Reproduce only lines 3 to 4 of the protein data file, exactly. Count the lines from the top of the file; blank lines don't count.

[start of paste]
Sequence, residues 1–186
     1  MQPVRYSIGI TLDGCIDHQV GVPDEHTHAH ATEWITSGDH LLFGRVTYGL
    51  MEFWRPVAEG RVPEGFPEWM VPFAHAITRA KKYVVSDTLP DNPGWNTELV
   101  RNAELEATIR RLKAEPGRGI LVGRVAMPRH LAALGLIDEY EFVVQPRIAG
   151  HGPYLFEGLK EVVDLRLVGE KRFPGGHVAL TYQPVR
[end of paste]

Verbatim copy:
    51  MEFWRPVAEG RVPEGFPEWM VPFAHAITRA KKYVVSDTLP DNPGWNTELV
   101  RNAELEATIR RLKAEPGRGI LVGRVAMPRH LAALGLIDEY EFVVQPRIAG